The Internal Rate of Return, or IRR, is not affected by the changing in cost of capital. A change in the cost of capital will not, typically, impact on the IRR. IRR is measure of the annualized effective interest rate, or discount rate, required for the net present values of a stream of cash flows to equal zero.

It is important to compare the IRR to the cost of capital when making investment decisions: If the IRR is higher than the cost of capital the project or investment should be valuable, with a positive Net Present Value (NPV), and if the IRR is lower than the cost of capital it should not be undertaken. The NPV is preferred to the IRR to work out stable investments over time. So, whilst a higher cost of capital will not change the IRR, it will lead to fewer investment decisions being acceptable when using IRR as the method of assessing those investment decisions.

Because the internal rate of return is a rate quantity, it is an indicator of the efficiency, quality, or yield of an investment; the NPV indicates the value or size of an investment. NPV, unlike when one employs the monorating internal rate of return (IRR), has multiple discount rates to evaluate investments and discount each cash flow in accordance with envisaged conditions. Though IRR is simpler and needs fewer assumptions as to the likelihood of yield, NPV is preferred as it is a more accurate measurement of an investmentâ€™s yield.

It is important to compare the IRR to the cost of capital when making investment decisions: If the IRR is higher than the cost of capital the project or investment should be valuable, with a positive Net Present Value (NPV), and if the IRR is lower than the cost of capital it should not be undertaken. The NPV is preferred to the IRR to work out stable investments over time. So, whilst a higher cost of capital will not change the IRR, it will lead to fewer investment decisions being acceptable when using IRR as the method of assessing those investment decisions.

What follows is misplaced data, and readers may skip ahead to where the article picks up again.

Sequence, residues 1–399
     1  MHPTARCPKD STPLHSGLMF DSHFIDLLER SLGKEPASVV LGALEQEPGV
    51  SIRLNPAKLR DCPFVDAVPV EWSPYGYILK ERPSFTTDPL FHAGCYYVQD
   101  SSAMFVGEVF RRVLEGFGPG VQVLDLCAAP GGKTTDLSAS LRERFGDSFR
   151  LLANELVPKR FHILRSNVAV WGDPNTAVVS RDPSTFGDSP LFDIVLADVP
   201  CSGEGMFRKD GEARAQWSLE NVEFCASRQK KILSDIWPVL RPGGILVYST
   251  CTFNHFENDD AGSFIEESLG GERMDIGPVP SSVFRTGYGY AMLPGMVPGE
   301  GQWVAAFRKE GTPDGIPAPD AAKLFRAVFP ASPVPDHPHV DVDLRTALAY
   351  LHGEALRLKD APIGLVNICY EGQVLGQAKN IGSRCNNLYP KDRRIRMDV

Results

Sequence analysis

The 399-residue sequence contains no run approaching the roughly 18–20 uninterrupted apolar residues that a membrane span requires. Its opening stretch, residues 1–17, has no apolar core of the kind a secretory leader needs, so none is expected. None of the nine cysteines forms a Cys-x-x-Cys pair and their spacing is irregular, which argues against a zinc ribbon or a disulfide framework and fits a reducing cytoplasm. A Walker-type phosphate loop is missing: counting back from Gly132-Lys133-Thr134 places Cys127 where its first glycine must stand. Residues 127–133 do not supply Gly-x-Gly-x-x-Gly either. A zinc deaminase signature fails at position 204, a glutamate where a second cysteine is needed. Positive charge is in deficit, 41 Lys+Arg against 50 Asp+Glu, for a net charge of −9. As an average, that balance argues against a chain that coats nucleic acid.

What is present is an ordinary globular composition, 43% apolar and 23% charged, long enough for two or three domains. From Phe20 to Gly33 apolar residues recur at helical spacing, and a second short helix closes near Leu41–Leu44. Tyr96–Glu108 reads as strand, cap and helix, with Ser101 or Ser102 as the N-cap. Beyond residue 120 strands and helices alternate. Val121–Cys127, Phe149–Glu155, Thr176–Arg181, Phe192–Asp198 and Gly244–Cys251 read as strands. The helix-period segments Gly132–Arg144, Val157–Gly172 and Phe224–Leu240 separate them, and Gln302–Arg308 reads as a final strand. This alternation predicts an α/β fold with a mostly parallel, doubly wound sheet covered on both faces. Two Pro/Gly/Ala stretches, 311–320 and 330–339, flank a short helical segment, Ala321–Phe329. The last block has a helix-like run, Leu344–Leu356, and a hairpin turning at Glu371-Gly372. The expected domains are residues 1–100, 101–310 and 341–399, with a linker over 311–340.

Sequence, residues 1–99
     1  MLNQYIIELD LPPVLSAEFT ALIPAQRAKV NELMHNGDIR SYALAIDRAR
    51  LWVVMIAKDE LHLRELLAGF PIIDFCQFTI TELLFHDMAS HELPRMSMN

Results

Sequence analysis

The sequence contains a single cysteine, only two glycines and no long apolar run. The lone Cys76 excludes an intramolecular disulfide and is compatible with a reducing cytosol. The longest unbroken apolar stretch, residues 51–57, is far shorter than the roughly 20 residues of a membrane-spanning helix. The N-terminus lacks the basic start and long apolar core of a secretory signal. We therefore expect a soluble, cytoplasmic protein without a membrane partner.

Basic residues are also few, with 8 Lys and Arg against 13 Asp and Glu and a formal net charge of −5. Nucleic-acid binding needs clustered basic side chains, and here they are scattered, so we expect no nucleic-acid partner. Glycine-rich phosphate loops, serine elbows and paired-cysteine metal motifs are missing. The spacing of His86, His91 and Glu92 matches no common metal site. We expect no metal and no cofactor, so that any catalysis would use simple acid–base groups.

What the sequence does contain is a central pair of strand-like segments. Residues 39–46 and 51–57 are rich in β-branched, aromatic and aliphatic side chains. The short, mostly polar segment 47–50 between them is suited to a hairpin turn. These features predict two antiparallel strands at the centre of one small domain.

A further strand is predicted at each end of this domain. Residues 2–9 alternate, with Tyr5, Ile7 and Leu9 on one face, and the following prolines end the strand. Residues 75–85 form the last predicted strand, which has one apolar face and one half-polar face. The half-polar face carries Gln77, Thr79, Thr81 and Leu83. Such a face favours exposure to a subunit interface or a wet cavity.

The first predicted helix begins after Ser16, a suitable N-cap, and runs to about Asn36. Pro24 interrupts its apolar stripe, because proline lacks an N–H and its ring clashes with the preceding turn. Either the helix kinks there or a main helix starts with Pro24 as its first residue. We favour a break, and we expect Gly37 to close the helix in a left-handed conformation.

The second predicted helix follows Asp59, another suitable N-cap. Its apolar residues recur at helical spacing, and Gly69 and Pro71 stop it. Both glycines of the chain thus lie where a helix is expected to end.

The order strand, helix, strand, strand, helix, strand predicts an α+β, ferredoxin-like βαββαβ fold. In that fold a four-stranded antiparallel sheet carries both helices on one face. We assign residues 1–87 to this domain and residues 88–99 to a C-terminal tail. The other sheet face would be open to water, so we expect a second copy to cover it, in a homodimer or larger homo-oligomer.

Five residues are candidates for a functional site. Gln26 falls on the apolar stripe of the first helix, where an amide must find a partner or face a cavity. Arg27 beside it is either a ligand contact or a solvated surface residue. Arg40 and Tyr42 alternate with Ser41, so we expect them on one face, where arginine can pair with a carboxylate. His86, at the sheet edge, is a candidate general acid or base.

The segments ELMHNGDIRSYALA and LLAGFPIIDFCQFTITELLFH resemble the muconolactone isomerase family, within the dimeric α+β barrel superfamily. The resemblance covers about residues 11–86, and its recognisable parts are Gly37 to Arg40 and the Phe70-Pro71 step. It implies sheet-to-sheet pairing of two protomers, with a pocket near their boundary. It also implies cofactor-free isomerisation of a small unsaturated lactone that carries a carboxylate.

Because the internal rate of return is a rate quantity, it is an indicator of the efficiency, quality, or yield of an investment; the NPV indicates the value or size of an investment. NPV, unlike when one employs the monorating internal rate of return (IRR), has multiple discount rates to evaluate investments and discount each cash flow in accordance with envisaged conditions. Though IRR is simpler and needs fewer assumptions as to the likelihood of yield, NPV is preferred as it is a more accurate measurement of an investmentâ€™s yield.